JPMorgan Chase & Co. Chairman and Chief Executive Officer Jamie Dimon said the Federal Reserve should increase interest rates—and sooner rather than later.
“Let’s just raise rates,” Dimon said Monday during a wide-ranging discussion at the Economic Club of Washington. “The Fed has to maintain credibility. I think it’s time to raise rates. Normality is a good thing; not a bad thing. The return to normal is a good thing.”
Fed policymakers will gather in Washington Sept. 20-21, and recent comments from voting members have sent mixed signals about whether they’ll lift rates or wait at least until the December meeting. Speaking Monday in Chicago, Fed Governor Lael Brainard said that “the case to tighten policy pre-emptively is less compelling” in an environment where declining unemployment has been slow to spur faster inflation.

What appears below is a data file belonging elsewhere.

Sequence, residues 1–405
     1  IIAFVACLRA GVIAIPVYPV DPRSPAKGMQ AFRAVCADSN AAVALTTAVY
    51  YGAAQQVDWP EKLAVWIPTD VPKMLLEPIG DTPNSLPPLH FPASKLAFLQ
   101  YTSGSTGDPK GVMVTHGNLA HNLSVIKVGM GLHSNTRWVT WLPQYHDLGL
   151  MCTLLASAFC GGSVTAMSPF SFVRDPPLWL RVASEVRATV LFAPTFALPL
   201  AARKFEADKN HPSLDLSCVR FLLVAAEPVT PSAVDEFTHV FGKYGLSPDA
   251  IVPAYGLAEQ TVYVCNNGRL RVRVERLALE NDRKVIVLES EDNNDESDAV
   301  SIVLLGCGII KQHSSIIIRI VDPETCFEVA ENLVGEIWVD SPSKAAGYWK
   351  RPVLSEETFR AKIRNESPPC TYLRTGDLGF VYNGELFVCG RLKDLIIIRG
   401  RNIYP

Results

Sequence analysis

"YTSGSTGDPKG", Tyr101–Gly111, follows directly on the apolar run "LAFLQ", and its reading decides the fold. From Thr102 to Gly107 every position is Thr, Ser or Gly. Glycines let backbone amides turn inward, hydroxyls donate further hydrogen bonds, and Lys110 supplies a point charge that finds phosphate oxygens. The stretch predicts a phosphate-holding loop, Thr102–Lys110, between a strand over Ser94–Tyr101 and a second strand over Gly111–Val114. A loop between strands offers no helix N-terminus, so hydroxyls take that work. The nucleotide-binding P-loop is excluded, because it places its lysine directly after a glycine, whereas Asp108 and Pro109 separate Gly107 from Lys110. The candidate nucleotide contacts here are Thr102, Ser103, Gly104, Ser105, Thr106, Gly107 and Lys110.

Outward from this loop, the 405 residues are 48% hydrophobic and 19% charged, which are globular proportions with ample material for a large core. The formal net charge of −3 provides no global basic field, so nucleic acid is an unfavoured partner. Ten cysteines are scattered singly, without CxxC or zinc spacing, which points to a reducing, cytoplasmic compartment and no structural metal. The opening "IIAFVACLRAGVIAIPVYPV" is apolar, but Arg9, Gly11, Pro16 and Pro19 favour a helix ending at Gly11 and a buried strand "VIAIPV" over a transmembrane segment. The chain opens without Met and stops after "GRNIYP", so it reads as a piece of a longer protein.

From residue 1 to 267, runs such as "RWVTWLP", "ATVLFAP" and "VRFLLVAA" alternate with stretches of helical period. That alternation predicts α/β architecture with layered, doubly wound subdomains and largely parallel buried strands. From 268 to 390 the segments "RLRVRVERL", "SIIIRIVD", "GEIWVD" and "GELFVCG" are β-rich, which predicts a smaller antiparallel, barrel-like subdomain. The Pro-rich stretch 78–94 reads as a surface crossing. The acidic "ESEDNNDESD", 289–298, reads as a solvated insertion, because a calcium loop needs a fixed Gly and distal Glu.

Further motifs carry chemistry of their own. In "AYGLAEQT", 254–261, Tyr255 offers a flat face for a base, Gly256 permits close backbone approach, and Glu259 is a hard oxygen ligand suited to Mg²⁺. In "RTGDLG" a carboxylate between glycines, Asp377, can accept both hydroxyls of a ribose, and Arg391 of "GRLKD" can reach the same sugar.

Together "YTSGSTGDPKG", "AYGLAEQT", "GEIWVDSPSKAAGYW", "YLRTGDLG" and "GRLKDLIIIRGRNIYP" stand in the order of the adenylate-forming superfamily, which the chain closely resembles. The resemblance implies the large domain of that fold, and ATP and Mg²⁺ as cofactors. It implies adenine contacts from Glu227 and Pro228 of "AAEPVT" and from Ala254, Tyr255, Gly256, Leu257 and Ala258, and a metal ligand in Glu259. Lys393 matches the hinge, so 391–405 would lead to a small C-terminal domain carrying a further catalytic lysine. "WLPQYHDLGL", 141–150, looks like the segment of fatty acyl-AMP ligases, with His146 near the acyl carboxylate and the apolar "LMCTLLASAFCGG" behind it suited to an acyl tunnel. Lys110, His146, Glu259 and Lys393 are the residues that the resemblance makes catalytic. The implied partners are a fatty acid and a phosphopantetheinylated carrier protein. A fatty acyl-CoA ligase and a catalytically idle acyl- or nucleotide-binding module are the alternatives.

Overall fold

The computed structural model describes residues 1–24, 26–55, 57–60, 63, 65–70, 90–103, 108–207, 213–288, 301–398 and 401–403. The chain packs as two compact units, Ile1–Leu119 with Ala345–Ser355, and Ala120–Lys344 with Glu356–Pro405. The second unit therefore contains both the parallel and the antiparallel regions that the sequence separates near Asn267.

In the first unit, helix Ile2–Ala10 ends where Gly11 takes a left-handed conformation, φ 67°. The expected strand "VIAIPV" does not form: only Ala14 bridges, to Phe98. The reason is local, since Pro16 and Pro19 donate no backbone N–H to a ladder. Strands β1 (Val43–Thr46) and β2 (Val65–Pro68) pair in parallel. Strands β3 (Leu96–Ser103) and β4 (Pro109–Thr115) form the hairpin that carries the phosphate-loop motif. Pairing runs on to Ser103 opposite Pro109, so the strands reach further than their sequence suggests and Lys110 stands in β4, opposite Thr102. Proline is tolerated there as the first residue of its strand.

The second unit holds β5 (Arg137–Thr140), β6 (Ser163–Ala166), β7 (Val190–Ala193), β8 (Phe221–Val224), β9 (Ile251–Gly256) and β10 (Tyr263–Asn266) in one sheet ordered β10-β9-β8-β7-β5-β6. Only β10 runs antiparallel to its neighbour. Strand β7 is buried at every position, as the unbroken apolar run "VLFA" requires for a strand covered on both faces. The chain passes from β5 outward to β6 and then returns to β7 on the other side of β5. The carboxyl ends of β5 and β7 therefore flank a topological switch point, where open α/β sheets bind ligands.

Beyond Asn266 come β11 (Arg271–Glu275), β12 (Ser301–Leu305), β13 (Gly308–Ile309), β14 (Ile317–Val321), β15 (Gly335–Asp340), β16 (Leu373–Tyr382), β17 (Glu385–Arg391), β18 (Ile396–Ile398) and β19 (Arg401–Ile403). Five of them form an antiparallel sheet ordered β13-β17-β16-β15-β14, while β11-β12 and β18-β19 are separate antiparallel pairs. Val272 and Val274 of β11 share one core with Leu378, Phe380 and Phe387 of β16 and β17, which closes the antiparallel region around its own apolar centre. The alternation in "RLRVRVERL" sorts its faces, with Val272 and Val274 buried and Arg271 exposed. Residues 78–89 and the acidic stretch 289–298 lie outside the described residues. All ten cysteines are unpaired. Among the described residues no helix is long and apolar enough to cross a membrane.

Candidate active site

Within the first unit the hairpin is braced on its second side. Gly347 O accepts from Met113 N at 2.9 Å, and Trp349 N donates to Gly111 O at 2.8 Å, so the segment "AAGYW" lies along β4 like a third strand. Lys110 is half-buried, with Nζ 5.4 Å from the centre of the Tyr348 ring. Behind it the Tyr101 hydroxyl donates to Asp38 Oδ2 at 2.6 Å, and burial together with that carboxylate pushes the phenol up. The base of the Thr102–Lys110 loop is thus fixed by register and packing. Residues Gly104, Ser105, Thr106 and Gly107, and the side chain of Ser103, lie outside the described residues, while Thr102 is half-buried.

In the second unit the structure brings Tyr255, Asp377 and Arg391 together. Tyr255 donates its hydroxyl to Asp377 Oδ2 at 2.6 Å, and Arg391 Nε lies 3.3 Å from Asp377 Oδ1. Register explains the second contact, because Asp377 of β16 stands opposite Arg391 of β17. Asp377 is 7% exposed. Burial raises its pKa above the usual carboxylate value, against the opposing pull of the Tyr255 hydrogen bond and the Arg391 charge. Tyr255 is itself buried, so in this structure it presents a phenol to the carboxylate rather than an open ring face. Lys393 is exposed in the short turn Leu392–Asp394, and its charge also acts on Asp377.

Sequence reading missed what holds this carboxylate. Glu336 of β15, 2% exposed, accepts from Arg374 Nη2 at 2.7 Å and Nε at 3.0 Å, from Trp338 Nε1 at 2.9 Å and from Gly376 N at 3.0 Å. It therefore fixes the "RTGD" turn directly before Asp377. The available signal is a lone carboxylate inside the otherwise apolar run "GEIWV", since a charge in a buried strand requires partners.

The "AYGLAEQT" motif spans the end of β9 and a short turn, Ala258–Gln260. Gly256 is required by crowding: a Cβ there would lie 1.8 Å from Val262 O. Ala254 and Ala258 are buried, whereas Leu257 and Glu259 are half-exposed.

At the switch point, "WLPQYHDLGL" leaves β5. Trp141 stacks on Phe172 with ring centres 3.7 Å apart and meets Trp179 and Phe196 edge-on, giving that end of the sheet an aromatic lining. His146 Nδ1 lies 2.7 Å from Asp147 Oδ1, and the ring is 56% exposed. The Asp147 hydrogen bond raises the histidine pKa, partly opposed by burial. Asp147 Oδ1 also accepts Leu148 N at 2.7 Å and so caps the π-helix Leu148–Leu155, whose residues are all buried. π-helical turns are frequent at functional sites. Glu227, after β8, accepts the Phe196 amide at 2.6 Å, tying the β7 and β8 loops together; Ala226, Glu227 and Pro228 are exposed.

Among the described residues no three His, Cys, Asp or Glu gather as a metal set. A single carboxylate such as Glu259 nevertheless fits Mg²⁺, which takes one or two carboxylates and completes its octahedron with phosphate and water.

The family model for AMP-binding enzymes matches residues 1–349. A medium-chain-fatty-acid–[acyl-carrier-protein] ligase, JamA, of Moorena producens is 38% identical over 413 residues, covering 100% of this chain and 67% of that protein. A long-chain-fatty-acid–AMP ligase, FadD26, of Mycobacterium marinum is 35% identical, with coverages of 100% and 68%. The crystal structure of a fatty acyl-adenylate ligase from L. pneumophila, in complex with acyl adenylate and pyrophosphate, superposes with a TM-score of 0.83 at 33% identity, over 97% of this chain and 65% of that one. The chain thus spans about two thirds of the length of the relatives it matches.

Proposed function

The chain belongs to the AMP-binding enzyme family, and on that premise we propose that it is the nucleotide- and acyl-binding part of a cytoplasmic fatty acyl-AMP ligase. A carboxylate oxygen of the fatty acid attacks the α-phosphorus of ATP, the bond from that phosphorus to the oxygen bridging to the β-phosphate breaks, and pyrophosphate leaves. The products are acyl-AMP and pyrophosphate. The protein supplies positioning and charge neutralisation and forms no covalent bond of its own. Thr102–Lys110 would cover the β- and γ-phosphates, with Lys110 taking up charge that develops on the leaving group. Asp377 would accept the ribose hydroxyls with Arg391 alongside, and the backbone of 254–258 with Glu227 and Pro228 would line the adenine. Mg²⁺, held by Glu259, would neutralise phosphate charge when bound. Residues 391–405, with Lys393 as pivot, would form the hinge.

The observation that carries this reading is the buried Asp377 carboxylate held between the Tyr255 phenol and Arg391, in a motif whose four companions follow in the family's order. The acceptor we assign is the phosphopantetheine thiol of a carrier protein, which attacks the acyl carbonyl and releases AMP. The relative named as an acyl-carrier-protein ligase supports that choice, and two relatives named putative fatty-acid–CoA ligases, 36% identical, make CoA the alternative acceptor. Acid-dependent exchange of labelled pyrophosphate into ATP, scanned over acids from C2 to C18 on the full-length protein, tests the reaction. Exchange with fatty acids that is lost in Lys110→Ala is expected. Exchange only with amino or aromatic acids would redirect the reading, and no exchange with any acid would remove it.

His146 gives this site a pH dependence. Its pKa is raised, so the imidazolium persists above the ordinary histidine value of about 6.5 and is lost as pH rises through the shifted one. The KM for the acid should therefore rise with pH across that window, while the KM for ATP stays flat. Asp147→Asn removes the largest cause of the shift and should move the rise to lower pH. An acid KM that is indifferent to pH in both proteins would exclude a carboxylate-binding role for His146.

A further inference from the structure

Meanwhile, Boston Fed President Eric Rosengren, a voting member this year on the Federal Open Market Committee, argued Friday there was a reasonable case for gradual tightening.
Dimon, CEO and chairman of the biggest U.S. bank, isn’t a disinterested party. Banks typically make more money when interest rates rise as the gap widens between how much they charge borrowers and pay depositors. The shares of banks have climbed this year on days when speculation rises that the Fed is closer to increasing rates.
“I’d go sooner rather than later, but I’ll leave the exact timing up to them,” Dimon said.